Each Saturday morning I like to share some of the interesting property investment and economic articles I’ve read during the week.
I’ve put them here all in the one place for your easy reading.
Enjoy your weekend….and please forward to your friends by clicking a social link buttons on the left.
July capital city home values increase for the second consecutive month
The latest figures from RPData show that dwelling values across capital cities recorded a second month of capital gains in July with dwelling values up by 0.6% over the month following a 1.0% rise in June.
The RP Data-Rismark Home Value indices posted a second successive rise in capital city dwelling values over the month of July. Across the combined capital cities, dwelling values rose by 0.6 per cent over the month with the rises being relatively consistently over the first three weeks of July followed by a -0.2 per cent fall over the final week of the month.
Over the three months to the end of July, capital city dwellings have posted an increase of 0.2 per cent.
“The July rise was not as broad-based as the June results, with the month-on-month increase primarily being associated with the Sydney and Melbourne markets where dwelling values rose 1.2 per cent and 1.4 per cent respectively. The July result, when viewed together with the positive June result, suggests housing markets may be starting to respond to lower mortgage rates, which according to the RBA’s latest Board meeting minutes are around 50 basis points below their 15-year average.” Said analyst Tim Lawless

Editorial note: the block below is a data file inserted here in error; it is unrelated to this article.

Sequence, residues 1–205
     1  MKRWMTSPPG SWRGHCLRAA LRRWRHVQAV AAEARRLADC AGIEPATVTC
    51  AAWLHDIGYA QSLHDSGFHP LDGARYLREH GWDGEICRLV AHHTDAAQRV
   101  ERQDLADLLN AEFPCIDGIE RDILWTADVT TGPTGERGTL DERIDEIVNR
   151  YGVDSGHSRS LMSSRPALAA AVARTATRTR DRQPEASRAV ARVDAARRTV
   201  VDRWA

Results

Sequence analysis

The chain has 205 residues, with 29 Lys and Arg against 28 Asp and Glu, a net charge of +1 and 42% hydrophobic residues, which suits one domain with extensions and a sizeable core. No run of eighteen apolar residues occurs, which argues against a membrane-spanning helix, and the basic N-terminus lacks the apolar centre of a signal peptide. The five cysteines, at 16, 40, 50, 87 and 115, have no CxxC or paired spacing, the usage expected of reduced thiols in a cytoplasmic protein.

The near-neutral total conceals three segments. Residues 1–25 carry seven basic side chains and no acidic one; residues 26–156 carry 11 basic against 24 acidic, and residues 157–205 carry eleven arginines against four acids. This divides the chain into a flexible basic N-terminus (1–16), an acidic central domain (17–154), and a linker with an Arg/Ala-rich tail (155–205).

Do valuations reflect true market value?
Another great Property Uncut show produced by Kevin Turner. If you don’t already subscribe to this excellent weekly Internet based radio show.
With the property market being so uncertain and volatile, property valuers have the task of producing valuations for property owners, buyers and lenders that reflect fair market value. Most owners think their property is worth more and buyers think its worth less but the banks rely on the valuer.
This week he has a heap of great guests:
- Gavin Hulcombe from Herron Todd White
- Michael Matusik from Matusik Property Insights
- Michael Teys from Teys Lawyers
- Rolf Schaefer from Metropole Finance
- Michael Yardney from Metropole Property Strategists
You should definitely subscribe to this weekly audio program. Click Here It’s free and you can listen on the go on your smartphone, iPad etc.
Video of the week – Westpac Economist Bill Evans July Market Update
In this 5 minute video Westpac Chief Economist Bill Evans comments on the week’s market events with a look at the Reserve Bank Governor Speech, June Quarter Consumer Price Index results and world economies, plus looking ahead to next week’s retail sales and building approval results.
Australian Housing Not Unaffordable
In a recent speech titled “The Lucky Country” RBA Governor Glen Stevens focused on Australia’s relatively favourable economic performance.
He used his speech to answer a number of questions posed in the general economic debate about Australia’s economic performance.
- Did luck have a significant role or was it due to the implementation of sensible policies?